New Austin grocery store will be packaging-free
On our kitchen counter, my wife has a set of glass jars designed for storing staples: flour, sugar, coffee, tea, etc. Of course, we have to buy the products that go into those jars at the store, empty them from their packaging, and then either recycle or trash whatever they came in.
Wouldn’t it be great if we could just take those jars to the store and fill them?
That the idea behind in.gredients, a grocery store slated to open in Austin, Texas this Fall in the East Manor neighborhood. Brothers Joseph, Patrick, and Christian Lane, along with partners Brian Nunnery and Christopher Pepe, were all a bit shocked to discover that 40% of the waste that goes to landfills is packaging that’s been used one time. So, they decided to develop a store concept that avoided all of that packaging — think of the bulk section of the typical store becoming, well, the store (except for some items that must be packaged for health reasons… and they’ll only carry these items if they come in recyclable packaging).
They didn’t stop with their focus on packaging, though: in.gredients will sell organic whenever possible, all-natural when it’s not, and all items will be either locally produced or locally sourced. They’ll also stick to seasonal produce.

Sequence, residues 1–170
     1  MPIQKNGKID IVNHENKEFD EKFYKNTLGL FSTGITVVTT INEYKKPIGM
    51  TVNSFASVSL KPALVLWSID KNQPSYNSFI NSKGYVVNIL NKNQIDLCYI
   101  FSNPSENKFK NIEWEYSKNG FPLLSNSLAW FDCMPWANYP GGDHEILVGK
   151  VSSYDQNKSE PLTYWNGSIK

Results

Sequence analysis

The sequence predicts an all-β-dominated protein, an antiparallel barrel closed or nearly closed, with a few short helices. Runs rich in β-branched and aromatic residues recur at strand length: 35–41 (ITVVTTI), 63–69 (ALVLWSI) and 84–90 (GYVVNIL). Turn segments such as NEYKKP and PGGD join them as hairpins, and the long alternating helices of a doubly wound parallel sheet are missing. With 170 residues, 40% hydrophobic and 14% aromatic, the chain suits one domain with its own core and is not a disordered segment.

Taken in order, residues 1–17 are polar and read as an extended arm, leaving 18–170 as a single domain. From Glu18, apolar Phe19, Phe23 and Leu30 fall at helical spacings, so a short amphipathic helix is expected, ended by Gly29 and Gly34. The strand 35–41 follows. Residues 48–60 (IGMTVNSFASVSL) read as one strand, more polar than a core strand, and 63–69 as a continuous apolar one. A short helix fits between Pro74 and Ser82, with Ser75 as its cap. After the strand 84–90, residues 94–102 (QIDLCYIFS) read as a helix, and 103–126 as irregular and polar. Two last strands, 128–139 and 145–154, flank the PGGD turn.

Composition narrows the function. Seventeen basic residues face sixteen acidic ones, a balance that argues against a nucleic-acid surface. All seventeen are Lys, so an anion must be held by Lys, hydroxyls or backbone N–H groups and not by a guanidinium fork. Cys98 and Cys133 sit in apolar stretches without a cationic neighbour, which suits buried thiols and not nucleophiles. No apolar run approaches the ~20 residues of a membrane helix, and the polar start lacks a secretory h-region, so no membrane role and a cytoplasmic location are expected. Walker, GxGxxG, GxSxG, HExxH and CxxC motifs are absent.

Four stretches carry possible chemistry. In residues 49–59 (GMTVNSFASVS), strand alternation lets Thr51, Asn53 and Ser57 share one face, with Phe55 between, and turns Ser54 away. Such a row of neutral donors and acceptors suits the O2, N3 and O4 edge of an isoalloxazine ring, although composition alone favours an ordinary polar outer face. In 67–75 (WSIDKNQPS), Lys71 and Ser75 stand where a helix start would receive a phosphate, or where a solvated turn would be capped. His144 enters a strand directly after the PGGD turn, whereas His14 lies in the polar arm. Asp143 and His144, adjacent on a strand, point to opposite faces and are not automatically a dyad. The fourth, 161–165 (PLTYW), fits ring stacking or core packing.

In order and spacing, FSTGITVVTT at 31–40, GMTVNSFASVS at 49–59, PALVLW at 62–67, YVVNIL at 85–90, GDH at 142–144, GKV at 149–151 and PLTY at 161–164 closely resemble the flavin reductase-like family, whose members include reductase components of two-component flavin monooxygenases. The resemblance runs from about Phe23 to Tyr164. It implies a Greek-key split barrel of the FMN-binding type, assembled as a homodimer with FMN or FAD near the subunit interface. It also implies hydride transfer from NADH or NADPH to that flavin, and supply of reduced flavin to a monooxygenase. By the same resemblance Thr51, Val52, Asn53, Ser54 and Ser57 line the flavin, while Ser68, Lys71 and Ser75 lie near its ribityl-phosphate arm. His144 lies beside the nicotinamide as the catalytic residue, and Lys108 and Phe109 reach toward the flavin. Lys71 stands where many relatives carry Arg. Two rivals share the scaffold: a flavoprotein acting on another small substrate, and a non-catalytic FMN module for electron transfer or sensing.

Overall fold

Finally, if you don’t feel like lugging the jars and plastic containers to the store, they will have containers available… and (you guessed it), those containers will all be compostable.
Sounds like a great concept… and judging from the buzz in.gredients is generating, I’m not the only one that thinks so. If you’d like to support their efforts (even if you’re not in Austin), they are seeking donors through an Indiegogo campaign (and they’re getting close to their goal… just under $4,000 to go in the next 39 days).
What do you think — would you be willing to go beyond the reusable bags and carry food containers to the store? Check out the video above that explains the concept further, and share your thoughts with us.
MORE FROM SUSTAINABLOG:
- A new study shows forests are bigger carbon sinks than previously thought.
- The grocery store on wheels: Chicago’s mobile food market.